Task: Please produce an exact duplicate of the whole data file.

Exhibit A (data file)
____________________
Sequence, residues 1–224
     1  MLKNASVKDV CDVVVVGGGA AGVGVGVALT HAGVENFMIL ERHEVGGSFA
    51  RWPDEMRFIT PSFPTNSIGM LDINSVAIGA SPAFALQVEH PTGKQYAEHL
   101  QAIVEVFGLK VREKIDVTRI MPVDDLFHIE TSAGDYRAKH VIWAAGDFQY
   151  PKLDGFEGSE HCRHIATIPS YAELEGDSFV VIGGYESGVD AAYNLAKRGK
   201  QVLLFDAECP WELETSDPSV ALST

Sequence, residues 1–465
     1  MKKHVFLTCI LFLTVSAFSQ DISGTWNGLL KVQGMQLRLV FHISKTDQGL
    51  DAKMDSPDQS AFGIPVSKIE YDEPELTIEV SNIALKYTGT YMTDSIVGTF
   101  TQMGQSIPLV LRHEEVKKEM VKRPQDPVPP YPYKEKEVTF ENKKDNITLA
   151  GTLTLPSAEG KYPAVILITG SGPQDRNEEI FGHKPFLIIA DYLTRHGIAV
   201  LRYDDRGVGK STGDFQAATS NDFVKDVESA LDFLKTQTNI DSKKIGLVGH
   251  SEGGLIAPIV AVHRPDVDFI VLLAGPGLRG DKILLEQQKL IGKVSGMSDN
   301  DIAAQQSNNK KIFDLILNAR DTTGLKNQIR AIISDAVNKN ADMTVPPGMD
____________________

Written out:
Sequence, residues 1–224
     1  MLKNASVKDV CDVVVVGGGA AGVGVGVALT HAGVENFMIL ERHEVGGSFA
    51  RWPDEMRFIT PSFPTNSIGM LDINSVAIGA SPAFALQVEH PTGKQYAEHL
   101  QAIVEVFGLK VREKIDVTRI MPVDDLFHIE TSAGDYRAKH VIWAAGDFQY
   151  PKLDGFEGSE HCRHIATIPS YAELEGDSFV VIGGYESGVD AAYNLAKRGK
   201  QVLLFDAECP WELETSDPSV ALST

Sequence, residues 1–465
     1  MKKHVFLTCI LFLTVSAFSQ DISGTWNGLL KVQGMQLRLV FHISKTDQGL
    51  DAKMDSPDQS AFGIPVSKIE YDEPELTIEV SNIALKYTGT YMTDSIVGTF
   101  TQMGQSIPLV LRHEEVKKEM VKRPQDPVPP YPYKEKEVTF ENKKDNITLA
   151  GTLTLPSAEG KYPAVILITG SGPQDRNEEI FGHKPFLIIA DYLTRHGIAV
   201  LRYDDRGVGK STGDFQAATS NDFVKDVESA LDFLKTQTNI DSKKIGLVGH
   251  SEGGLIAPIV AVHRPDVDFI VLLAGPGLRG DKILLEQQKL IGKVSGMSDN
   301  DIAAQQSNNK KIFDLILNAR DTTGLKNQIR AIISDAVNKN ADMTVPPGMD